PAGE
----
In this lesson we will learn how unstable isotopes can undergo different types of nuclear decay.
By the end of this lesson you will be able to:
Describe alpha, beta and gamma decay.
Predict the products of different types of nuclear decay.
Define half life and calculate how much of a radioactive substance will remain after a given amount of time.
Compare the penetrating power of alpha, beta and gamma radiation.
Define radiation dose and give examples of natural and artificial sources of radiation.
- Most atoms are stable but a small proportion are unstable and undergo spontaneous radioactive decay.
- There are different types of radioactive decay, depending of the type of radiation emitted from the atom.
- The rate of radioactive decay and the intensity of the radiation depends on the particular isotope.
- There are natural and artificial sources of radiation, with both positive and negative effects.
Stable and Unstable Atoms
- Most elements are made up of different isotopes, which means they can have atoms with different numbers of neutrons in their nuclei.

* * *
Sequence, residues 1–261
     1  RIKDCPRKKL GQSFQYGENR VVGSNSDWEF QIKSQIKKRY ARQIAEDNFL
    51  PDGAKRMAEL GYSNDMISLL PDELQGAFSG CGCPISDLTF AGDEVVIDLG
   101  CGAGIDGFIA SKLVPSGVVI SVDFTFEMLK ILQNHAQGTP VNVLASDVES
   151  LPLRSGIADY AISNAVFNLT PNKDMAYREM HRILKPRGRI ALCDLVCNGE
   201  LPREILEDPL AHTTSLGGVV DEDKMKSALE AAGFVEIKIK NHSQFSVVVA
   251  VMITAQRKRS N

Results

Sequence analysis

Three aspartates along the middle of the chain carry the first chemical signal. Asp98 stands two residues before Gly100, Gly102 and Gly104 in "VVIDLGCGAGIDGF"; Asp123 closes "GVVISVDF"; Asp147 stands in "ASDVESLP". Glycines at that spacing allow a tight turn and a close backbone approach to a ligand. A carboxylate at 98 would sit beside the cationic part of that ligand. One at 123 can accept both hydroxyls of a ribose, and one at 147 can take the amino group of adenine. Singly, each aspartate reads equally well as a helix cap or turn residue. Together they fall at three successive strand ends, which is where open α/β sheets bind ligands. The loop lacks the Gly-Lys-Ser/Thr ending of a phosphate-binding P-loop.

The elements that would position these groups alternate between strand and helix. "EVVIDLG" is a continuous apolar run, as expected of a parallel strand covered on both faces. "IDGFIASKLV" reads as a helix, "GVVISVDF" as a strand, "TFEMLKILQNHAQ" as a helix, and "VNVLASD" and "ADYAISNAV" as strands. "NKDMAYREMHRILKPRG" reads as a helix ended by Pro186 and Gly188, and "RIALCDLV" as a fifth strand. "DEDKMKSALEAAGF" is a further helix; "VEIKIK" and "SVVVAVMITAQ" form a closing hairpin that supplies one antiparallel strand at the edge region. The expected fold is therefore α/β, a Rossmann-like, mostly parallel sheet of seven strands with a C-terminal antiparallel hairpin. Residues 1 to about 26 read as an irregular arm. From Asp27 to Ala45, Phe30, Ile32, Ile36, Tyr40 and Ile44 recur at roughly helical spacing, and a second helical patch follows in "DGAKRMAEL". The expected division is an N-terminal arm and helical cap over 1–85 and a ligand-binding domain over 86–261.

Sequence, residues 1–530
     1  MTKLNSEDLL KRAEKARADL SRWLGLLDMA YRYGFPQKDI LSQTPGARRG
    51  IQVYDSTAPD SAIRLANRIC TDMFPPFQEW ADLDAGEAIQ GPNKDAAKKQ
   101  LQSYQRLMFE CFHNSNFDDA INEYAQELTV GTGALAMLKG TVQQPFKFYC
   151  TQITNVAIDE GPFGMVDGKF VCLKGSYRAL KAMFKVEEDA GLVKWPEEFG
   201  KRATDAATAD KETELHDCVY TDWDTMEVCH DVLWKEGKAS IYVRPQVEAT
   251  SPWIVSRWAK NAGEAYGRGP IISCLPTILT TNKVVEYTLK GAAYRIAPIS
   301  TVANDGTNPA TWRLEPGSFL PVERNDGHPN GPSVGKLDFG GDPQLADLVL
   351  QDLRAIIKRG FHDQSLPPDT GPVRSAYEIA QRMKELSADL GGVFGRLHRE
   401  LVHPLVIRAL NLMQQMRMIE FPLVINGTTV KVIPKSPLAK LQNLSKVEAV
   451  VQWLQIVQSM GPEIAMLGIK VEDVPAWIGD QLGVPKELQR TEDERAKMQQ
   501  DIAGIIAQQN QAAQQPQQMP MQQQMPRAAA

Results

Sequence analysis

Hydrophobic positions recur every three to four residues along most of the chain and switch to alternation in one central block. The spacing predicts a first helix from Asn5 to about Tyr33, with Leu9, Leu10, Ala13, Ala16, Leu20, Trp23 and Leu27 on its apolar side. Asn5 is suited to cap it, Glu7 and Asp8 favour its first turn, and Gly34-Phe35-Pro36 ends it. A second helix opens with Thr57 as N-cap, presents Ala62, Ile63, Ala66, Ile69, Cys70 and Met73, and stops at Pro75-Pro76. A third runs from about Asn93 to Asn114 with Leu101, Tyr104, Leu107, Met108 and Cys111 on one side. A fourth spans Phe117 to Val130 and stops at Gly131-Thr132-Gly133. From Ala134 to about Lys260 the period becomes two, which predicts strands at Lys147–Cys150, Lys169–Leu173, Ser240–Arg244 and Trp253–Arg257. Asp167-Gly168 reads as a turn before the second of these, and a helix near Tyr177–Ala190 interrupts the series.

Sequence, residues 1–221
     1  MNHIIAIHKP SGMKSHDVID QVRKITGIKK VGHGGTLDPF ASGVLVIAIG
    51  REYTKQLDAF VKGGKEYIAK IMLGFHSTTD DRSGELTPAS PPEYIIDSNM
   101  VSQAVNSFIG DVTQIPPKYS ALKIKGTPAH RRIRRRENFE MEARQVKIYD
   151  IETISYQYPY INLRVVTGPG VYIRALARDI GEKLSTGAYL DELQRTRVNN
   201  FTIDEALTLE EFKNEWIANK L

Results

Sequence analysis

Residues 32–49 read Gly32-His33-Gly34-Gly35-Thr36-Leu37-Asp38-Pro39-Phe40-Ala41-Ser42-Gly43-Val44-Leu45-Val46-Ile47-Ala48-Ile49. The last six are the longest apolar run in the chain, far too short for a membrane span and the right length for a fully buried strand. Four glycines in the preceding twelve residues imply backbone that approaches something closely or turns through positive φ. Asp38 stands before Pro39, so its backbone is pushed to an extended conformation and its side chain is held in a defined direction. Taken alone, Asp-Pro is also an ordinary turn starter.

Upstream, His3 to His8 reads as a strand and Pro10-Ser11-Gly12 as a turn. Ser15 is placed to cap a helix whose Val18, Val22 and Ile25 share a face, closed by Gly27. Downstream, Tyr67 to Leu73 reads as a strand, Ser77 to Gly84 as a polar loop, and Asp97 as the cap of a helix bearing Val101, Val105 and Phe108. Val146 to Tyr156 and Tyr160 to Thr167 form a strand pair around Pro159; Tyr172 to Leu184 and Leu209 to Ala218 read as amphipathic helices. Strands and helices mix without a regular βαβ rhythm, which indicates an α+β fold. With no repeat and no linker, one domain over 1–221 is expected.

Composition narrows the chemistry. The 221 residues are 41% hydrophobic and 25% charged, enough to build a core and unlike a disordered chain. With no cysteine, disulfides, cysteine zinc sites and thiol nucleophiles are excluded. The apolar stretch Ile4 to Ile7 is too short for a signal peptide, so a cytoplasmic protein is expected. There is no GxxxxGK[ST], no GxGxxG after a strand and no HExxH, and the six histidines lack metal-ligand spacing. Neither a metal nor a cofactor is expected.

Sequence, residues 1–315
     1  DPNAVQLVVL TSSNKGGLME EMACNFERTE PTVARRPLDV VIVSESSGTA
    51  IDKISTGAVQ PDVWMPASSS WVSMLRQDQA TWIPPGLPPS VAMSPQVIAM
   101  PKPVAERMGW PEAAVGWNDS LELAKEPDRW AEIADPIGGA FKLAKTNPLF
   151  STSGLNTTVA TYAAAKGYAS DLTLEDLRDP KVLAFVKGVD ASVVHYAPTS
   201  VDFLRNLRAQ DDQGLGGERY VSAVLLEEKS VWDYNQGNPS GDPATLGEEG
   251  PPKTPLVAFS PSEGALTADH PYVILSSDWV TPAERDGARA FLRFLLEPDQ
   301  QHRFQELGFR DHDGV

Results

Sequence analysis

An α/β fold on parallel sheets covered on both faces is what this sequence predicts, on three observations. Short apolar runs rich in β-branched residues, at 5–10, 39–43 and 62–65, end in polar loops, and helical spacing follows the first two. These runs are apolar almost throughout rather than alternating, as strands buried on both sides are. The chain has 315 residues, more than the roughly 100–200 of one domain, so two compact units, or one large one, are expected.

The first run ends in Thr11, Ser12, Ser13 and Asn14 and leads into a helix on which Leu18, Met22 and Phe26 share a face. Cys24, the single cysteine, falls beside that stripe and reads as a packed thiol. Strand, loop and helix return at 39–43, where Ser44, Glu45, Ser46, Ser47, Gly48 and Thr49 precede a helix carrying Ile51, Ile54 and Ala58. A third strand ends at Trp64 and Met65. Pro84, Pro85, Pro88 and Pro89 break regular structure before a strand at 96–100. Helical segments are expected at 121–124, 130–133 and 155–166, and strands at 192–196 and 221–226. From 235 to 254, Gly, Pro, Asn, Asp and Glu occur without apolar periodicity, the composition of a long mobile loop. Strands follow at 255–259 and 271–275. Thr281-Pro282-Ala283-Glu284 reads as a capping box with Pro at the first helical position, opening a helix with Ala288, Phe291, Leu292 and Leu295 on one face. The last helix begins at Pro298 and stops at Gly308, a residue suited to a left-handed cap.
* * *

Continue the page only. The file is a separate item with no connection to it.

- For example, carbon can exist as carbon-12 (with 6 protons and 6 neutrons), carbon-13 (with 6 protons and 7 neutrons) and carbon-14 (with 6 protons and 8 neutrons).
- Isotopes can be stable or unstable.
- Stable isotopes are made up of atoms with balanced forces between nuclear particles (protons and neutrons).
- For example, carbon-12 and carbon-13 are stable isotopes of carbon.
- Unstable isotopes are made up of atoms with unbalanced forces between nuclear particles.
- For example, carbon-14 is an unstable isotope of carbon.
- Most naturally occurring atoms are stable, but a small proportion are unstable.
- For example, approximately 99% of carbon atoms are the carbon-12 isotope and approximately 1% of carbon atoms are the carbon-13 isotope, which means that virtually all carbon atoms are stable. However, about one in every trillion carbon atoms is the unstable carbon-14 isotope.
Carbon has three naturally occurring isotopes – two are stable, one is unstable.
- Unbalanced nuclear forces in unstable isotopes are usually the result of too few or too many neutrons in the nuclei of atoms.
- As a result, unstable isotopes emit radiation, to become more stable.
- Radiation is energy in the form of subatomic particles or electromagnetic waves.